FIG. 7.

Semi-quantitative profiles of silicon markers, i.e., Si, Si2, Si3, Si4, and Si5.

FIG. 7.

Semi-quantitative profiles of silicon markers, i.e., Si, Si2, Si3, Si4, and Si5.

Close modal

All the structural characterizations are converging toward the signature of a pure silicon core, with few impacted by oxygen diffusion and presenting an optical quality comparable to the state of the art of SOI waveguides. So as to attest that light is effectively guided in the silicon core, a supplementary experiment has been carried out so as to probe the modal content of the guided light and compare it to what is theoretically expected for a silicon–silica waveguide with a circular core. The experiment consists of recording the transmission spectrum of another 25 cm-long piece of fiber for which a 5 μm lateral offset is applied with the injection fiber. As illustrated by Fig. 8, this situation, when compared to a centered injection [see Fig. 2(a) for Lfiber = 36 cm], puts in evidence several asymmetric peaks that appear for well-defined wavelength positions.

FIG. 8.

Transmission properties under offset injection conditions. Top: optical transmission and intensity distribution at the fiber output of the silicon-core fiber with offset injection (filtered supercontinuum light source). Bottom: modeling of the optical transmission of a fiber with core of 2.9 μm in diameter and with the same offset injection.

FIG. 8.

Transmission properties under offset injection conditions. Top: optical transmission and intensity distribution at the fiber output of the silicon-core fiber with offset injection (filtered supercontinuum light source). Bottom: modeling of the optical transmission of a fiber with core of 2.9 μm in diameter and with the same offset injection.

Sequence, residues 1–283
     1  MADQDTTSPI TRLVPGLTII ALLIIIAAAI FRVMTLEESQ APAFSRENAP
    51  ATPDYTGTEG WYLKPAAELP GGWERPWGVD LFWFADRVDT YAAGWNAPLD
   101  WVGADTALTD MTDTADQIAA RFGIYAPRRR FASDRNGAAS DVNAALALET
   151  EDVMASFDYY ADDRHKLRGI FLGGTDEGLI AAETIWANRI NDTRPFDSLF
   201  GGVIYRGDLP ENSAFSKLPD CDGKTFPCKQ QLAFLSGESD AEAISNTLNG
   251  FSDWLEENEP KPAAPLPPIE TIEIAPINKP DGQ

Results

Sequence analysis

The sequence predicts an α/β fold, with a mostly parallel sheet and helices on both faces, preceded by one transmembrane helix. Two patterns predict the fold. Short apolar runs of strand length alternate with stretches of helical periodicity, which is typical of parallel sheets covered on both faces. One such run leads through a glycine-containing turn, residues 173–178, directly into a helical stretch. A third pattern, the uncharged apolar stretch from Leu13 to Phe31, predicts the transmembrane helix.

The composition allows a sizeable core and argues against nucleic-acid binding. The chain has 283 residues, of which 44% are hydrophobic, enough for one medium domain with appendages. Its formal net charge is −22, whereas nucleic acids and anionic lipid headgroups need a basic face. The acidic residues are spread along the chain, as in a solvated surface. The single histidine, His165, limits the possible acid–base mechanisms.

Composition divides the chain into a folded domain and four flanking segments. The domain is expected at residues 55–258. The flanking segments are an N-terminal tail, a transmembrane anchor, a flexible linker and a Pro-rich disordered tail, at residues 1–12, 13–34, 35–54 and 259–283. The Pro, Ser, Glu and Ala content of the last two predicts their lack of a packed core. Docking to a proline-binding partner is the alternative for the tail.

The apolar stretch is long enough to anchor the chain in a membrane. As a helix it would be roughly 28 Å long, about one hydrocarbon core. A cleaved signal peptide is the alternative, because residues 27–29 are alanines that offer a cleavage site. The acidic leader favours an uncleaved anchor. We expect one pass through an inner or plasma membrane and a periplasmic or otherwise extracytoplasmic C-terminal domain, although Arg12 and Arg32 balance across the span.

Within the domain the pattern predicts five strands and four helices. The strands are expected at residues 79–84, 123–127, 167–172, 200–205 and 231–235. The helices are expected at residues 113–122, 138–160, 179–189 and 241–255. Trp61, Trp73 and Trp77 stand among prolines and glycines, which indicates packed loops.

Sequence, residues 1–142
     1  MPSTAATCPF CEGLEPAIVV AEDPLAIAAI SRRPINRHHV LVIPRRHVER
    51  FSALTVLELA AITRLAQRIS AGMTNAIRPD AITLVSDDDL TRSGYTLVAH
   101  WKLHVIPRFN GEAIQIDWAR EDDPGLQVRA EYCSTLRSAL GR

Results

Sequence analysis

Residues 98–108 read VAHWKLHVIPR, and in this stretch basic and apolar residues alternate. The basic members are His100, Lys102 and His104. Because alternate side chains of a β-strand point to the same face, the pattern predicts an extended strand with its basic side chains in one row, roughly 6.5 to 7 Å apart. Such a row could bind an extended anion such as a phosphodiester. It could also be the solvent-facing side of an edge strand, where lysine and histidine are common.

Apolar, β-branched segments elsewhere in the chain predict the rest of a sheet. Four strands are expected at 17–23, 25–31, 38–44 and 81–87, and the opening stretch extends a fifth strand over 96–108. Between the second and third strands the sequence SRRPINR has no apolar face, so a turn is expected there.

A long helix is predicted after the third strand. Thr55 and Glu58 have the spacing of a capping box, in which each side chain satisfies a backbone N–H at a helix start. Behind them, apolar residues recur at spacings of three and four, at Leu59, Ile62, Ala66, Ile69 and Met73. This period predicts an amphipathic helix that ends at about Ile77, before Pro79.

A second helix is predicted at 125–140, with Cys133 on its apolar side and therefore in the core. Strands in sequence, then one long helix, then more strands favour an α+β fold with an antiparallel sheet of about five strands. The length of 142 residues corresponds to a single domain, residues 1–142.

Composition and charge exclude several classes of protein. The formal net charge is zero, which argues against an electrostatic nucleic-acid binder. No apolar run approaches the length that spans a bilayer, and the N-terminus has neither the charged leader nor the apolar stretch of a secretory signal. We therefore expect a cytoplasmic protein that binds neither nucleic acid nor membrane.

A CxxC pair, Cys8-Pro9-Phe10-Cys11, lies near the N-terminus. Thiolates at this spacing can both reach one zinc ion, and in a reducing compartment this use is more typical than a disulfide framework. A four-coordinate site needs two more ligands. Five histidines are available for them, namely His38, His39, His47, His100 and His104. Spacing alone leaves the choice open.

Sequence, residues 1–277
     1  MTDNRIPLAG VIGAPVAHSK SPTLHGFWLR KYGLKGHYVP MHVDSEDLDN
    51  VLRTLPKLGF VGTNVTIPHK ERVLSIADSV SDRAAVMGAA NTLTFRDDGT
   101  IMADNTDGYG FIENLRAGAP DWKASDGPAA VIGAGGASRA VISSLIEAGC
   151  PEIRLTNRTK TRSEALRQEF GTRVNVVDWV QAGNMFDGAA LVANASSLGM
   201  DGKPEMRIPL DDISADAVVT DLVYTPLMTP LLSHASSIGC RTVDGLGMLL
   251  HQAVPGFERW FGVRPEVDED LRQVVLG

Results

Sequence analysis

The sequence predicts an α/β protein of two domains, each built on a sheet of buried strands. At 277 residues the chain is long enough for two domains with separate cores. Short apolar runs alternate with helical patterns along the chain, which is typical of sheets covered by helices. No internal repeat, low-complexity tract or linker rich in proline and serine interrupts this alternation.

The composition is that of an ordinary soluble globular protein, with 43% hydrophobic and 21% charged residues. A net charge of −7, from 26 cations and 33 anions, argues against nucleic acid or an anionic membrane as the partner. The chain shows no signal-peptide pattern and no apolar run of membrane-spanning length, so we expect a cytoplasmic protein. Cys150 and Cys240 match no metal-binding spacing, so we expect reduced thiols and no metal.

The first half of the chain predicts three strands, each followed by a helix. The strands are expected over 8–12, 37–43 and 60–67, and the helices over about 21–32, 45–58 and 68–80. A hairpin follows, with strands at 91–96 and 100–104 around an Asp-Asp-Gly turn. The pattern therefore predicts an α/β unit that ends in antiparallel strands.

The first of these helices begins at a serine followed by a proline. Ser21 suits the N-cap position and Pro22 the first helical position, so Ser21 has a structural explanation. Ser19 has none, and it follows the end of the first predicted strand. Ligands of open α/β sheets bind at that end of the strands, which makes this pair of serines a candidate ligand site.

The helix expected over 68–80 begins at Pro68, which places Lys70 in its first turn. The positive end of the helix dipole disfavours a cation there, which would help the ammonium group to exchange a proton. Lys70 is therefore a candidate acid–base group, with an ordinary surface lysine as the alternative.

Close modal

By applying the same procedure to the different silicon-core fibers that have been manufactured (not shown here), it has been validated that the peak positions depend on the core dimension and are poorly bend-sensitive. In the case of a fiber with silicon-core about 3 μm, the transmission spectrum has been recorded together with the intensity profile at the fiber output for different spectral positions. It is observed that the intensity profile is strongly modified at the peak wavelength—light is delocalized from the core—suggesting that these peaks are the signature of the cutoff wavelengths of the higher order core guided modes. It can be noted that the asymmetric shape of the peaks (front edge with steep slope at long wavelength and tail at short wavelength) is in accordance with the classical shape of cutoff peaks for which the mode is getting more and more confined in the core with the decrease in the wavelength (see Ref. 20). In the case of the silicon-core fiber, the higher-order mode that reaches its cutoff condition will be delocalized from the silicon core—i.e., be mostly located in the silica cladding—and hence experience better injection: better overlap integral with the offset excitation beam and lower Fresnel reflection. This assumption is confirmed by the calculation of the transmission of a piece of step-index 2.9 μm core diameter silicon fiber with a circular core and a homogeneous refractive index, submitted to the excitation of the mode of the high numerical aperture fiber used on our setup—whose wavelength dependence has been considered in the model—offset by 5 μm. As shown in Fig. 8, the calculated peak positions are in very good agreement with the observed ones. This is an additional proof that the optical behavior reported in this work is the one of a step-index silicon core fiber.